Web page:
Forum Replies Created
8th August 2017, 9:03 at 9:03 am #347740
A really difficult thing to rank – I was waiting for Keith’s “official” mid season ranking thread – but I’ll put my thoughts here as well.
No ranking) Antonio Giovinazzi
An encouraging first few races but showed his lack of experience with two crashes in China. It should be the first part of a slightly longer F1 career if cards fall his way.
No ranking) Jenson Button
He drove well at Monaco in Qualifying, putting the McLaren chassis to good use on a circuit where Honda’s power deficit was lessened. Stuck behind Wehrlein in the race, their collision seemed to be a mixture of frustration and rustiness. I can’t see him returning in 2018.
No ranking) Paul di Resta
A really impressive performance from di Resta in difficult circumstances. To qualify 7 tenths off Stroll having driven a total of 4 laps in any F1 car since 2013 was stunning. In the end, the car gave out and he couldn’t finish, but he certainly held his own.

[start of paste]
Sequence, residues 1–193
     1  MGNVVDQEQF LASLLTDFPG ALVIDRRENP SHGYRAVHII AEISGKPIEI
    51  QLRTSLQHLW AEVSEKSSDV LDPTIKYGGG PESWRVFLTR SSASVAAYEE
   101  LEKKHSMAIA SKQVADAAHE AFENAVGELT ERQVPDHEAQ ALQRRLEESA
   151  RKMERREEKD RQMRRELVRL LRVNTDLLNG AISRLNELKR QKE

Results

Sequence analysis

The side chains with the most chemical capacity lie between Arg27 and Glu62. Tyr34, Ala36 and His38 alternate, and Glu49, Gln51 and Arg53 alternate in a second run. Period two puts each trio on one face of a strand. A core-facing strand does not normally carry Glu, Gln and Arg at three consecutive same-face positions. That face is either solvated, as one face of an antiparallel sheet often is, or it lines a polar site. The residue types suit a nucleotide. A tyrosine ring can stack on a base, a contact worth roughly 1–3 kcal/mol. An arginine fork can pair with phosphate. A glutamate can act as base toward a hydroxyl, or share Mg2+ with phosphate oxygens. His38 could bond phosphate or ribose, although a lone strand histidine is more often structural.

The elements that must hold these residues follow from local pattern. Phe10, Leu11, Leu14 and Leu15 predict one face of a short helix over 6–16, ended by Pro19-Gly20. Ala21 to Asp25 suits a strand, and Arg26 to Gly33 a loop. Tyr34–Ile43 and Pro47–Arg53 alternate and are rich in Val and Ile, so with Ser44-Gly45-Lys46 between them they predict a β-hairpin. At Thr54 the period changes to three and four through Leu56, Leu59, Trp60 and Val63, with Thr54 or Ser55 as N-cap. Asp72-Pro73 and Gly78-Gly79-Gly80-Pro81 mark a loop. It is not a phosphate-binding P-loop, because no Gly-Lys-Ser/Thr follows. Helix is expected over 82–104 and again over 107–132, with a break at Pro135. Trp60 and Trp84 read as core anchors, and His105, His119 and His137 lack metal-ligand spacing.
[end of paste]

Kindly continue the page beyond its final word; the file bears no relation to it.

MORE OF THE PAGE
20) Jolyon Palmer
The less said about Palmer in 2017 the better. While luck certainly hasn’t gone his way at times (including not being able to start at Silverstone after a promising P11), he’s also compared extremely poorly to Hulkenberg in the other Renault. Theirs has easily been the largest gulf between team-mates and I can’t see Renault holding on to him for long.
19) Daniil Kvyat
The paddock felt for him when Red Bull gave him a brutal demotion in 2016, but his performance this year has generally justified it. Some solid races, but all too often crashing and refusing to accept blame. The relationship with Sainz seems fairly toxic at the moment and while Kvyat is often close (sometimes faster), he seems to make more mistakes despite his extra year of experience.
18) Lance Stroll
Even his biggest defenders cannot deny that his first few races were truly abysmal. Well off the pace of an ageing Massa and wasting a seemingly quick Williams. He then collected a mature (if still not impressive) points finish in Canada, before following it up with an exceptional drive in Baku for a podium, as one of the only drivers not to have an incident over the weekend. Since then he’s dropped back again, but is a lot closer to Massa. I don’t see where he’s got the reputation for crashing, as I don’t actually think he does too often, but he’s still not quick enough at the moment.